Thursday, April 7, 2011
Deputies impound pit bulls
By SUE WATSON
Two pit bulls have been taken to the sheriff’s animal pound following two alleged attacks upon several animals and threats to humans in the Ballard Road community.
Sheriff Kenny Dickerson said his animal control officer and deputies took the dogs to the pound after a second complaint of vicious attacks to animals was lodged Thursday, March 17.
Susie Brown pleaded with the county board of supervisors to do something about the dogs at the March 14 board meeting. She said the pit bulls “got after my horse” and when she tried to run the dogs off, they turned on her. She shot one of the pit bulls with a pistol as she scrambled to get safely inside her home when the dogs left the horses to chase her. She was able to get back inside the house by the barest, she said.
After calling the sheriff’s office, Brown alleged she was told both dogs had been tied up on chains and were supposed to have been enclosed in a fence.
Her neighbor, the owner of the dog she shot, wanted her to pay the veterinarian bill, she said.
Brown asked the board of supervisors to outlaw pit bulls in the county like she said DeSoto County has.
“The owner said the dogs were just overly friendly,” Brown said. “I know a lot of people think a lot of their dogs. I got rid of mine because it was bothering the neighbors.”
Brown said the dogs came up on her front porch then went back out and ran the horses some more after she got inside safely.
Supervisor Ronnie Joe Bennett told Brown the county was advised it could not outlaw a particular breed when it wrote its animal ordinances.
“The dog ordinance says they have to be kept up,” he said.
County zoning administrator Conway Moore added that dogs must be confined or under the owner’s supervision.
Sheriff Dickerson told Brown the situation was a civil issue at the board meeting.
“She’s a good neighbor, that’s the thing about it,” Brown said.
That discussion with the board had no immediate effect on Brown’s concern with the pit bulls. But a week later the dogs got loose again on Ballard Road where one woman banged pots and pans to run them off. A second neighbor fell in his backyard trying to get the pit bulls away from his dog, Brown said. But the dogs killed his dog that was fenced in.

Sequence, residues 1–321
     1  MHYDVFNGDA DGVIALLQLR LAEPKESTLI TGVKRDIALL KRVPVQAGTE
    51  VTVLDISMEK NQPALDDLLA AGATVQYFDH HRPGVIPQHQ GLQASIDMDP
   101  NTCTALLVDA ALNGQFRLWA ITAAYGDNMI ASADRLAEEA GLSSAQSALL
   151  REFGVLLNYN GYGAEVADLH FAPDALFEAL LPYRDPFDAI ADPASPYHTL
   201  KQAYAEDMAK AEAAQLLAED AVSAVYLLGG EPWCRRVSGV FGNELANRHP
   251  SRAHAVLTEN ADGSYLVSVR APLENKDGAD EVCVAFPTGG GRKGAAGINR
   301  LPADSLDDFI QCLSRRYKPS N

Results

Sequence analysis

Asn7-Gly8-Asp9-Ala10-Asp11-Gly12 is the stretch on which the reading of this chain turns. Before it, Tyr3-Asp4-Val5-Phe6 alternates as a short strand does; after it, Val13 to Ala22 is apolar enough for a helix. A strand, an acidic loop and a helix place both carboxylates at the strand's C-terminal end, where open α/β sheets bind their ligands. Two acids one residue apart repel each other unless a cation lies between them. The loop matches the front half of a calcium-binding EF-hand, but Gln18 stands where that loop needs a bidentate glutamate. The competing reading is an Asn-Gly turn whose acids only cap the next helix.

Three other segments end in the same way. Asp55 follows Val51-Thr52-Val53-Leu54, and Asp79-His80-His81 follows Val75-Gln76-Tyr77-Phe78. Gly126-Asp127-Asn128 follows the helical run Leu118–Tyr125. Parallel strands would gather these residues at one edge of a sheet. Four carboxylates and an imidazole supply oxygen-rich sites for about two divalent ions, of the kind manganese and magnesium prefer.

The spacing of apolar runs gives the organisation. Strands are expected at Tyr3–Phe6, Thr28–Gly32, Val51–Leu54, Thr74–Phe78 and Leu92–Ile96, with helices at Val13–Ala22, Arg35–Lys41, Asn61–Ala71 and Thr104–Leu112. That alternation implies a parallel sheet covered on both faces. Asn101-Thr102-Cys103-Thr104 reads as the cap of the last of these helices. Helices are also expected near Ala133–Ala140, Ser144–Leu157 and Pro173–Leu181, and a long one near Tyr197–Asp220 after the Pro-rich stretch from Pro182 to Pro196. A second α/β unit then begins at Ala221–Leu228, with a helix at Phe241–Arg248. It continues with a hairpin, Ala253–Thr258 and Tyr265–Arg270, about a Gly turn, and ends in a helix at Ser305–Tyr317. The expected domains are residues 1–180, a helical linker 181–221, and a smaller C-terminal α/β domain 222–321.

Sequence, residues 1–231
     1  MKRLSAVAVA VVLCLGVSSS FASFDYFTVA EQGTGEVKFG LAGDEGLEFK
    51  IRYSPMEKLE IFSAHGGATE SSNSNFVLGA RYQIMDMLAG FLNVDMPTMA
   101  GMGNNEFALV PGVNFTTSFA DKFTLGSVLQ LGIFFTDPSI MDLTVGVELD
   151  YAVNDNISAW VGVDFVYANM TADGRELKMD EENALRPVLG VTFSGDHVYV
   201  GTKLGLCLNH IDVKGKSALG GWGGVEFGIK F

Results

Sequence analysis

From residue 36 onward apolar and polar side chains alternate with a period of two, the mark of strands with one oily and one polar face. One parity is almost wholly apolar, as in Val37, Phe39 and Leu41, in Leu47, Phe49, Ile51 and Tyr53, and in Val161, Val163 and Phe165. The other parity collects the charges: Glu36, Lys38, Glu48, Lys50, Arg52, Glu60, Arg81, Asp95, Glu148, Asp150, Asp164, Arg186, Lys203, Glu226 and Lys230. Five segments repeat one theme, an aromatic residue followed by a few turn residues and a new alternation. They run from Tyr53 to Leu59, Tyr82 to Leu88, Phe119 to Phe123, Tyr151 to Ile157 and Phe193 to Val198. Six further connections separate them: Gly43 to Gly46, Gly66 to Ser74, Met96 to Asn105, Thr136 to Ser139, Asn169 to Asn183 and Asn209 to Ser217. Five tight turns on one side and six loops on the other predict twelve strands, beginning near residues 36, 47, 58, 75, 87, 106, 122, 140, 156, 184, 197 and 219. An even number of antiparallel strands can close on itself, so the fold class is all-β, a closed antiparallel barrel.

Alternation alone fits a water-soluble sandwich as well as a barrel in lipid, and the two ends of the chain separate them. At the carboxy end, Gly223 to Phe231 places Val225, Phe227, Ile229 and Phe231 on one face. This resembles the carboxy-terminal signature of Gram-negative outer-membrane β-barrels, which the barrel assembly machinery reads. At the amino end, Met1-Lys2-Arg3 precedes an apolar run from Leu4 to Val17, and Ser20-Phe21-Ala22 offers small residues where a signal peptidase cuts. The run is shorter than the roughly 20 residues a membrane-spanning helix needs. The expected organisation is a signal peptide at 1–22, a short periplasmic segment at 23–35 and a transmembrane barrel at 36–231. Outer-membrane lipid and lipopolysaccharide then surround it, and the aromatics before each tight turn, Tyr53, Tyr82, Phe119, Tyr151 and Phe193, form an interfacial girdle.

An ambulance was called March 17 to help the fallen man because he thought he was having a heart attack, according to Maj. David Cook with the sheriff’s department. He was stabilized by EMTs and stayed home, Cook said.
Perry Pipkin, a deputy and animal control officer, responded to the call initially, he said.
Cook said the sheriff has to give the dog owners due process and notify them that the sheriff intends to ask for a court order to have the pit bulls destroyed.
“We seize dogs and they stay in our care until the judge orders the decision,” Cook said.
Three individuals came to the justice court complex following the incident to get complaint forms, according to Monet Autry, justice court clerk. One of the individuals wanted to recover a vet bill, one to recover a medical bill (for the ambulance) and one was seeking recovery from injuries, Autry said.
The county has filed no charges against the owners of the pit bulls, as yet, Cook said.
The animal control ordinance sets penalties for any owner whose animal injures or harms another domestic animal, pet or person as deemed a result of the owner's violation or noncompliance of the ordinance. Each violation is deemed a separate offense.
Civil and criminal provisions of the ordinance are enforced by the sheriff’s department, division of animal control.
Kent Smith, attorney for the board of supervisors, weighed in on the issue of vicious dogs.
“Pets give us all a lot of pleasure, however, when a rogue dog is wild and/or vicious and attacks people or their pets, the county has laws to address the situation and protect the citizens,” he said. “We cannot tolerate wild and vicious dogs attacking people’s livestock and pets.
To view the county’s animal ordinances visit the Marshall County Zoning Department or chancery clerk’s office.
News: (662) 252-4261 or email@example.com
Questions, comments, corrections: firstname.lastname@example.org
©2004, The South Reporter, All Rights Reserved.
No part of this site may be reproduced in any way without permission.
The South Reporter is a member of the Mississippi Press Association.
Site managed and maintained by
South Reporter webmasters Linda Jones, Kristian Jones
Web Site Design - The South Reporter
Back | Top of Page